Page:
Move forward a couple of years and we find the same lady (!) Yu** having another baby. The health worker there is competent. She had diagnosed twins. The family and community did not have money to send this lady to hospital for a safe delivery.

This week Tuesday the health worker spoke with a Dr because this lady was in labour with twins, a previous retained placenta, it was her 5th time to give birth (3 single babies, 1 previous twins (with a retained placenta, one of those twins died)) AND with this pregnancy the first twin was coming as a breech (buttock first instead of the normal, safer, head first). They were given advice over the radio and told to call if there was any problem. Late that day, the health worker called me and told me the first baby came out ok (breech) and was doing well but it was now 5 hours and the second baby was not coming. I gave some further advice and told them to call at 7am for a medivac if that was needed. As it was getting dark, a medivac that day was not going to be possible.

The next morning, the loud alarm on the HF radio told us that there was still some problem. The second twin had come out alive and well at 730pm... but the placenta was stuck. There was really no choice now, she needed to come in to a hospital.

Probably around 1000 mothers die from childbirth related complications in PNG every year (600-700/100000 deliveries) - bleeding, especially from a retained placenta is one of the big 5 causes of death. (Others in the worldwide top 5 are: Infection, Eclampsia (fitting etc), Unsafe abortion and Obstructed labour)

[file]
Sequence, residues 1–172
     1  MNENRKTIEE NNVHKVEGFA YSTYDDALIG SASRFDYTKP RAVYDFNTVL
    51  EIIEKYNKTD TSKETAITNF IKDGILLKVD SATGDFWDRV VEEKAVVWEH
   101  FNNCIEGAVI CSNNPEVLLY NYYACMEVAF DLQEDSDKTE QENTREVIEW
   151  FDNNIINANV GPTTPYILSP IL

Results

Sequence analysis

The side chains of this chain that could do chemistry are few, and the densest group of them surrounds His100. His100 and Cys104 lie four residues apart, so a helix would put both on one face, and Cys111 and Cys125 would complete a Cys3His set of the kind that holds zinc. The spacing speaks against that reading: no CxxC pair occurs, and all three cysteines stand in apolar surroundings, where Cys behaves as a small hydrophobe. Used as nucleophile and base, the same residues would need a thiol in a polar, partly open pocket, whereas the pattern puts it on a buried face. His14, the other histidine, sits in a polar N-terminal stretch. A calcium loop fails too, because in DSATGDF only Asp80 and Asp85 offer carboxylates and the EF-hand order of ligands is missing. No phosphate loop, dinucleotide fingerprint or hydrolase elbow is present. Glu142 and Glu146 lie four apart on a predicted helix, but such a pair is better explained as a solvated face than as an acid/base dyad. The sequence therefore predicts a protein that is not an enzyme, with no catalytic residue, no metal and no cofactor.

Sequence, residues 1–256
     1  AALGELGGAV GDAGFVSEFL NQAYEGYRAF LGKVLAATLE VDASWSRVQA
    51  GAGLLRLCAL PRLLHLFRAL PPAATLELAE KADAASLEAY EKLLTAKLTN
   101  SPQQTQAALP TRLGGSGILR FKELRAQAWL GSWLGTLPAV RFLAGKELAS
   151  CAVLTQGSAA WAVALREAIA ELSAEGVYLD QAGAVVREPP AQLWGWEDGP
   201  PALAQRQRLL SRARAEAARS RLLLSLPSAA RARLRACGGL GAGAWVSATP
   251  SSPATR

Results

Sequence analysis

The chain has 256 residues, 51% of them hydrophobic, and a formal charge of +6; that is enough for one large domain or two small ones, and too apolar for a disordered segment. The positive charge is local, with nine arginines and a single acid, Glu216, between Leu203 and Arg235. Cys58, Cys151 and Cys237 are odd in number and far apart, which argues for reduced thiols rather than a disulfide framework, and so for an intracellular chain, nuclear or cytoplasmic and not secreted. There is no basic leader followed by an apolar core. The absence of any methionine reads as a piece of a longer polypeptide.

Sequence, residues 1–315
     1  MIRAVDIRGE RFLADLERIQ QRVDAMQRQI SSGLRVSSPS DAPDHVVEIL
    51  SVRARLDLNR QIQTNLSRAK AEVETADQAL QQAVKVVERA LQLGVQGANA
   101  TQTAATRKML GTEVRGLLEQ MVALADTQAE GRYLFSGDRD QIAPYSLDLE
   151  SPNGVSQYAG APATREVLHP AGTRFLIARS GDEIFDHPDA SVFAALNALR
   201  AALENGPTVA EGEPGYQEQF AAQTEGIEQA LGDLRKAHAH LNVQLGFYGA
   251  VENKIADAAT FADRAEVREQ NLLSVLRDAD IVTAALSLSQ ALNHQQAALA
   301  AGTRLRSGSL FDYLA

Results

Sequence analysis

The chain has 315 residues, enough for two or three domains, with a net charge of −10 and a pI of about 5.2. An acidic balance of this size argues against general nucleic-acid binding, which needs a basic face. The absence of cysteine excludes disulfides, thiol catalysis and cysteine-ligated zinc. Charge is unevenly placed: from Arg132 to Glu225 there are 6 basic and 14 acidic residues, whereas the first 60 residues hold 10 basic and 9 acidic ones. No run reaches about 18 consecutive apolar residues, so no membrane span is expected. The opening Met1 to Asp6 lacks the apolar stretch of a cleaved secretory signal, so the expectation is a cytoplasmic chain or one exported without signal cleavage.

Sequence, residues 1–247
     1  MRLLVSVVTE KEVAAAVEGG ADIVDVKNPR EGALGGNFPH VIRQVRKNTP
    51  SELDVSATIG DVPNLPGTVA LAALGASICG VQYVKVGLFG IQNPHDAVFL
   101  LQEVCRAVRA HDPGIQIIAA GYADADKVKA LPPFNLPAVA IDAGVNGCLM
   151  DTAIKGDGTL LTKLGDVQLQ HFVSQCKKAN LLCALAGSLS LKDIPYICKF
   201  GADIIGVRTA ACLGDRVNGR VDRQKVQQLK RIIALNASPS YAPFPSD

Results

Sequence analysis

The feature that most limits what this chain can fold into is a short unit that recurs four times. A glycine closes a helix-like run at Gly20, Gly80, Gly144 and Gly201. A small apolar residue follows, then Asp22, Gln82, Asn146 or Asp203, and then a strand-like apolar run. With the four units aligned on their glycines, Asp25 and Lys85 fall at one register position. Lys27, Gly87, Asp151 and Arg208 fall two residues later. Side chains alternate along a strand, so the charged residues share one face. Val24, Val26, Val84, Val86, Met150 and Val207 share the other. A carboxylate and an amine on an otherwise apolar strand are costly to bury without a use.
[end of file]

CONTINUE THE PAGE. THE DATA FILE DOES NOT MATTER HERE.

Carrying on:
When Yu** reached Rumginae she was unwell with a pulse of 140. She had obviously lost a lot of blood. She was resuscitated very skillfully by national nursing staff who were also able to successfully remove her placenta. A lot of time is spent helping our staff become proficient in as many skills as possible and it was exciting to see them capable to deal with this situation.

She is now doing well, her babies are well... and you'll be pleased to know she plans to stop after 7 children (6 still living). We have her booked for a family planning operation on Tuesday. She should be ready to return to Wawoi Falls the following week.

I don't know how much the flight cost... but the K3000 charter or K400 fare or whatever has saved this lady's life, and kept her around to care for her 6 children.

Daniel    www.rumginae.info

Thursday, August 26, 2010

Namasthe

Greetings from lovely India I mean PNG! Tom and Rosie have been doing a ‘Countries and Cultures’ unit on India. We have learnt many fascinating facts. There have also been times for dressing the part and eating real Indian food (many thanks to Addy) as we celebrated Indian Independence Day.

Tom dresses up Indian StyleTom and Addy